COVID-19 tax relief, stimulus payments, changes to common IRS forms, and unemployment are expected to impact filers this year.
With the 2021 tax season officially starting, TaxSlayer, a leading professional and DIY tax preparation software development company, is committed to helping America’s taxpayers anticipate the impact of this year’s tax law changes and prepare to file for unique circumstances such as unemployment and working from home in the wake of the COVID-19 pandemic.
As social distancing continues into tax season, TaxSlayer expects that many taxpayers will be filing returns themselves at home. “Our mission is to make tax filing easy for everyone, no matter their situation,” says Director of Consumer Products, Seth Babb. “In these uncertain times, that means giving people access to even more resources and support, so they can navigate these changes and still file with confidence.”
The IRS will begin processing 2020 tax year returns on February 12, 2021. Head to TaxSlayer.com to start for free today.
New and Noteworthy Tax Laws for the 2021 Tax Season
Charitable contributions – Charitable cash contributions up to $300 will be treated as above-the-line deductions, meaning taxpayers can write off up to $300 in cash donations, even if they take the standard deduction.
The Recovery Rebate Credit – People who were eligible for an Economic Impact Payment (EIP) but did not receive one or both payments, or their payment was not correct, may be able to claim a refundable tax credit for the amount they were due. The IRS is encouraging filers to understand the eligibility requirements, as many people, including recent college graduates, may be able to claim the credit.
Tax relief for self-employed filers – Self-employed individuals and business owners who had to take sick leave from their job for their own health or to care for a family member could receive a refundable tax credit to help make up for the resulting loss in income.
Changes to Form 1099-MISC – Beginning with tax year 2020, the IRS is reinstating the use of Form 1099-NEC to report any compensation paid to non-employees by a company. Gig workers, contractors, and other non-employees will no longer use Form 1099-MISC to report income from self-employment.
Read More: Hacking Insurance to be 10x Faster
Unemployment income – With a record number of individuals receiving unemployment compensation due to COVID-19, it’s important that taxpayers understand the tax implications of those benefits. Unemployment income is taxable and is reported on Form 1099-G.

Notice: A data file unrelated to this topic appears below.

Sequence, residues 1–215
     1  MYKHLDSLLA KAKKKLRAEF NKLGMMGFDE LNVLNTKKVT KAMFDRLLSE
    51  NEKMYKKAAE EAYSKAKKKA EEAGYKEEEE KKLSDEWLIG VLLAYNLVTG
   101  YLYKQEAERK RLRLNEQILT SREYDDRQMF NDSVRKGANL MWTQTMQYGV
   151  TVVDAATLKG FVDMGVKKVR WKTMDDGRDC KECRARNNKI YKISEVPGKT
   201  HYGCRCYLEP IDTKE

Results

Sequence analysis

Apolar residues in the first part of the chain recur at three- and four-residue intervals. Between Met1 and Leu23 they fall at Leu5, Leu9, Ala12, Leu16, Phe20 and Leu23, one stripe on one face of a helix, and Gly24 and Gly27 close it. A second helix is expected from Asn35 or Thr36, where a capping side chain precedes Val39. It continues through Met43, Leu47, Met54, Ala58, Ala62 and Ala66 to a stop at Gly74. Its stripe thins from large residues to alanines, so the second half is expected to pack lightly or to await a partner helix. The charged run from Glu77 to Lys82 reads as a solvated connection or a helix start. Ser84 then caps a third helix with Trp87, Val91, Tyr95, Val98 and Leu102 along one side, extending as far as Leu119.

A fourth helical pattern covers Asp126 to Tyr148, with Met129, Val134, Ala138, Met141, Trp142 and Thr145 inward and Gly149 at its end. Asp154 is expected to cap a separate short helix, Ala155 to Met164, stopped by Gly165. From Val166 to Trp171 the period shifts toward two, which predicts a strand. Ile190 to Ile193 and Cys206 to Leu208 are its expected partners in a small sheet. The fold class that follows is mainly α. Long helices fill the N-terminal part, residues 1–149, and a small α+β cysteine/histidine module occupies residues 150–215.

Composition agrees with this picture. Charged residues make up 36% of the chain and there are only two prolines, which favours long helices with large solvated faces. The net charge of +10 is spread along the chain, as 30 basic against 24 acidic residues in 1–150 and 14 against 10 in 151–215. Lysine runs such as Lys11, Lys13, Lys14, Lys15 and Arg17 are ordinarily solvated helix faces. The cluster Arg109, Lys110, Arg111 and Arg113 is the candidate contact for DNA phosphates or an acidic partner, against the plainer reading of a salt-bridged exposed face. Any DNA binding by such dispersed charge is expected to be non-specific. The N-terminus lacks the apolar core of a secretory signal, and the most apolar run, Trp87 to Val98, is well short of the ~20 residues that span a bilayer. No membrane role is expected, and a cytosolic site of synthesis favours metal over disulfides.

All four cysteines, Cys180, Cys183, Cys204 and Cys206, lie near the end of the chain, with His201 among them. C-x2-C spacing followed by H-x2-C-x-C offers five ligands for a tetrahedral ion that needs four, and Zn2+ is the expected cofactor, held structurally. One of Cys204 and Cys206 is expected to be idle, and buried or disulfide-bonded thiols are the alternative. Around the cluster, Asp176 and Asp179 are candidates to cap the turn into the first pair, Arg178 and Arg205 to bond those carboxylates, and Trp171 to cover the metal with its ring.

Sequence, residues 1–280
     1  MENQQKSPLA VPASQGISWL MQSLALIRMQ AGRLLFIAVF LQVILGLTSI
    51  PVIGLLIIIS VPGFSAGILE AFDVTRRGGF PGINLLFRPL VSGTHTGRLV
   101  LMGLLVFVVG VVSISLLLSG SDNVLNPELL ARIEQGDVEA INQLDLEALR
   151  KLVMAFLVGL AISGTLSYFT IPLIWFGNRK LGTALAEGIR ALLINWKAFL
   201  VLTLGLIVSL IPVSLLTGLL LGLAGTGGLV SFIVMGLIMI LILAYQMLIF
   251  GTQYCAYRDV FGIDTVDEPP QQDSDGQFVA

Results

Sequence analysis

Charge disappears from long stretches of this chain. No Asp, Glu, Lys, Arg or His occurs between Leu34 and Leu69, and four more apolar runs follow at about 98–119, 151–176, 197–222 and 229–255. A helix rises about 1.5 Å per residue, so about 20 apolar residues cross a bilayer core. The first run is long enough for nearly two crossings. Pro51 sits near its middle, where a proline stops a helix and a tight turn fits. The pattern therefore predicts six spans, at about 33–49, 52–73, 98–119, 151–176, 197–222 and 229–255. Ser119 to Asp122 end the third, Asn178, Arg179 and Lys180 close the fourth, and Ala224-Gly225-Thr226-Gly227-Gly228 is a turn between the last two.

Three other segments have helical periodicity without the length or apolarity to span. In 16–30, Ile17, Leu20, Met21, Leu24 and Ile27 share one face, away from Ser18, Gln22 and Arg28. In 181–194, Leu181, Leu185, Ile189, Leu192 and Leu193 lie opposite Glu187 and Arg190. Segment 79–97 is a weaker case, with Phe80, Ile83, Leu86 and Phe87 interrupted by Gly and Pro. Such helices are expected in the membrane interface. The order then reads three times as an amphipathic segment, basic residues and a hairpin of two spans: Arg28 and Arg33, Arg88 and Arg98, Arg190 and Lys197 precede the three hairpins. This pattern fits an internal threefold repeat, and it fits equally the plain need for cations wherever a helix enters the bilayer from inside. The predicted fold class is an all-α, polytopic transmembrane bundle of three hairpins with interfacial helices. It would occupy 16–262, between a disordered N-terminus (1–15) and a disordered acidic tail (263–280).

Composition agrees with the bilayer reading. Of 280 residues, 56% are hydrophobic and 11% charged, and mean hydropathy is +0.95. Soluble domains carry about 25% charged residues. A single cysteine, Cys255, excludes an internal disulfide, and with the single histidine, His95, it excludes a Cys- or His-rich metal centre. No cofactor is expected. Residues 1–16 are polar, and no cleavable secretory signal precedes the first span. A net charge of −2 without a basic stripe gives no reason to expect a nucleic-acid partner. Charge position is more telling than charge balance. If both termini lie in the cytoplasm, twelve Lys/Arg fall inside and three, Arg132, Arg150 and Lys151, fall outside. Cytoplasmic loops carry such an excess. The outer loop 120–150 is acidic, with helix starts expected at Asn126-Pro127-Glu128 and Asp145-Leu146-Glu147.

Unreimbursed employee expenses – Due to the pandemic, many offices and businesses closed doors and employees continued their work from home. It’s important to note that for W-2 employees, the costs of setting up a home office are most likely not tax deductible, because the Tax Cuts and Jobs Act eliminated the unreimbursed employee expenses deduction in 2018.
New Form W-4, Employee’s Withholding Certificate – The IRS completely redesigned Form W-4 in 2020 to be more aligned with the Tax Cuts and Jobs Act. The primary goal of the redesign was to prevent people from under-reporting their allowances, which would cause them to owe more taxes on their tax return.
EITC “lookback” provision – Tax filers who are eligible for the Earned Income Tax Credit and who experienced a loss of income in 2020 can use their 2019 earned income to calculate their credit amount when they file this year.
The IRS will begin processing 2020 tax year returns on February 12, 2021. To speed refund delivery, they are urging taxpayers to file electronically with direct deposit as soon as they have the information they need. To help filers get a head start, TaxSlayer created a Tax Prep Checklist outlining the documents people may need to have on hand when they sit down to file. TaxSlayer’s 2021 Refund Schedule provides a look at estimated delivery dates based on when a filer submits their return to the IRS.
As always, TaxSlayer is committed to providing low-cost tax filing and keeping more money in the pockets of hard-working American taxpayers. Anyone, no matter their situation, can file a federal return with TaxSlayer Classic for just $17, while tax filers with a qualifying tax return can file federal and state for free. TaxSlayer is now open and accepting returns. Head to TaxSlayer.com to get started filing today.
Read More: XP Inc. Acquires Riza M&A